Thirty years after India began inducting women as officers in the armed forces, Captain Abhilasha Barak on Wednesday became the first woman to join the Army Aviation Corps as a helicopter pilot after completing a year-long course at the Combat Army Aviation Training School at Nashik in Maharashtra, the army said.
Barak hails from Haryana and is the daughter of a retired colonel. She was commissioned in the Army Air Defence Corps in September 2018.
She was awarded 'wings' along with 36 army pilots by Army Aviation director general Lieutenant General Ajay Kumar Suri during a valedictory ceremony at the Nashik-based training school, the army added.
Barak has been assigned to the second flight of 2072 Army Aviation Squadron that operates the Dhruv advanced light helicopter (ALH), officials familiar with the matter said.
While women officers in the Indian Air Force and the Indian Navy have been flying helicopters for long, the army took a decision in early 2021 to allow them to opt for its aviation wing. Until now, women officers were assigned only ground duties in army aviation.
Barak became the army's first woman combat aviator at a time when the National Defence Academy is set to induct its first batch of women cadets in June 2022. The Supreme Court opened the doors of the academy to women in a landmark order in October 2021. They are now eligible for permanent commission too.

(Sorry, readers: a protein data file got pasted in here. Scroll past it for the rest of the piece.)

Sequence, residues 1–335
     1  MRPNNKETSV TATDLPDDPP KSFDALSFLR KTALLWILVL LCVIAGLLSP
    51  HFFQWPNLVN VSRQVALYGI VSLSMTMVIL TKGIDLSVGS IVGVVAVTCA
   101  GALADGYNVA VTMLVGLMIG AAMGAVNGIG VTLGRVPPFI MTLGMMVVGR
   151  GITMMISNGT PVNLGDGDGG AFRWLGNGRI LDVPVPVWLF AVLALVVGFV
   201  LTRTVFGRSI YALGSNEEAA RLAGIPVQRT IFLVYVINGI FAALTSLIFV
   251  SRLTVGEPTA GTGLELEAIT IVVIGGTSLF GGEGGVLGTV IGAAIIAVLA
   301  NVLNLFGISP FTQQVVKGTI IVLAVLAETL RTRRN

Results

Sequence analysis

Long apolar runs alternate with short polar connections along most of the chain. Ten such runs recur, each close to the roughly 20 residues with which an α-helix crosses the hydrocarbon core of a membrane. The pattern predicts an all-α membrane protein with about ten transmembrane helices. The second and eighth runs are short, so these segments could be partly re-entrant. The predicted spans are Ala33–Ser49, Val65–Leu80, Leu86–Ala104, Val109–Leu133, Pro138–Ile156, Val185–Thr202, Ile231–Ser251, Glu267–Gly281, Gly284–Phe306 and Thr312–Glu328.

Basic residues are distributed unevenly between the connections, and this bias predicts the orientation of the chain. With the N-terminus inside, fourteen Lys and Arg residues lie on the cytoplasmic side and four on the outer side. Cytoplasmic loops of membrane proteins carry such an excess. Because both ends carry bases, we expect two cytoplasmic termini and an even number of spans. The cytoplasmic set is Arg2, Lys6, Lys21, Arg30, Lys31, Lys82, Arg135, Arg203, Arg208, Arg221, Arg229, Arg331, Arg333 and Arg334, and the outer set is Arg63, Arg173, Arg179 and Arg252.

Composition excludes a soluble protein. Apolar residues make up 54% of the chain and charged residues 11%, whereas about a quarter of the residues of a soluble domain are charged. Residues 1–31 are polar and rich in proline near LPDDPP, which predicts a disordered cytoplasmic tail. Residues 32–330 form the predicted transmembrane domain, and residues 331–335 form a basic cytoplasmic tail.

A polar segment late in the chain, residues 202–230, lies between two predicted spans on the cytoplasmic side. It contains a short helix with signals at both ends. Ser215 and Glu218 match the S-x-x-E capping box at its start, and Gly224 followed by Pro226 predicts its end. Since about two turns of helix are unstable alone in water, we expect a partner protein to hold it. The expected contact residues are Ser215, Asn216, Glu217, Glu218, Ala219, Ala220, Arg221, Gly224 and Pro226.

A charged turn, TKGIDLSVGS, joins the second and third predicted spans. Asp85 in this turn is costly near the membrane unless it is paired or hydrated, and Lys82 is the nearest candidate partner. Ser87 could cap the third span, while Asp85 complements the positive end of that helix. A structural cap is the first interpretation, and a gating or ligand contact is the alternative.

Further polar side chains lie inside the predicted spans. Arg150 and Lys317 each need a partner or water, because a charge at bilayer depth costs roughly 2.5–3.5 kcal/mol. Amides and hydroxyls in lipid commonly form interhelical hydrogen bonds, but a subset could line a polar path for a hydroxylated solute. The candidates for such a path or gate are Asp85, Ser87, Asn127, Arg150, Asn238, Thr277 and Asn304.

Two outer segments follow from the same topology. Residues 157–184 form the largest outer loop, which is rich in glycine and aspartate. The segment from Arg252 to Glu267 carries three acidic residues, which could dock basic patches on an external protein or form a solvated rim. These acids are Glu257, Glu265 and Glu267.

Raised in November 1986, the Army Aviation Corps operates the ALH, Rudra helicopters (armed variant of ALH), Chetaks, Cheetahs and Cheetal helicopters. It also carries out an important role in supporting the army's deployments in high altitude areas, including the Siachen Glacier.
One of the turning points for women in the military came in 2015 when IAF decided to induct them into its fighter stream. Last year, the Indian Navy deployed four women officers on warships after a hiatus of almost 25 years.
In May 2021, the army inducted women into the Corps of Military Police, the first time they were allowed to join the military in the non-officer cadre. Women have been serving as officers in select branches of the three services since the early 1990s.
Tanks and combat positions in infantry are still no-go zones for women, who were allowed to join the armed forces outside the medical stream for the first time in 1992.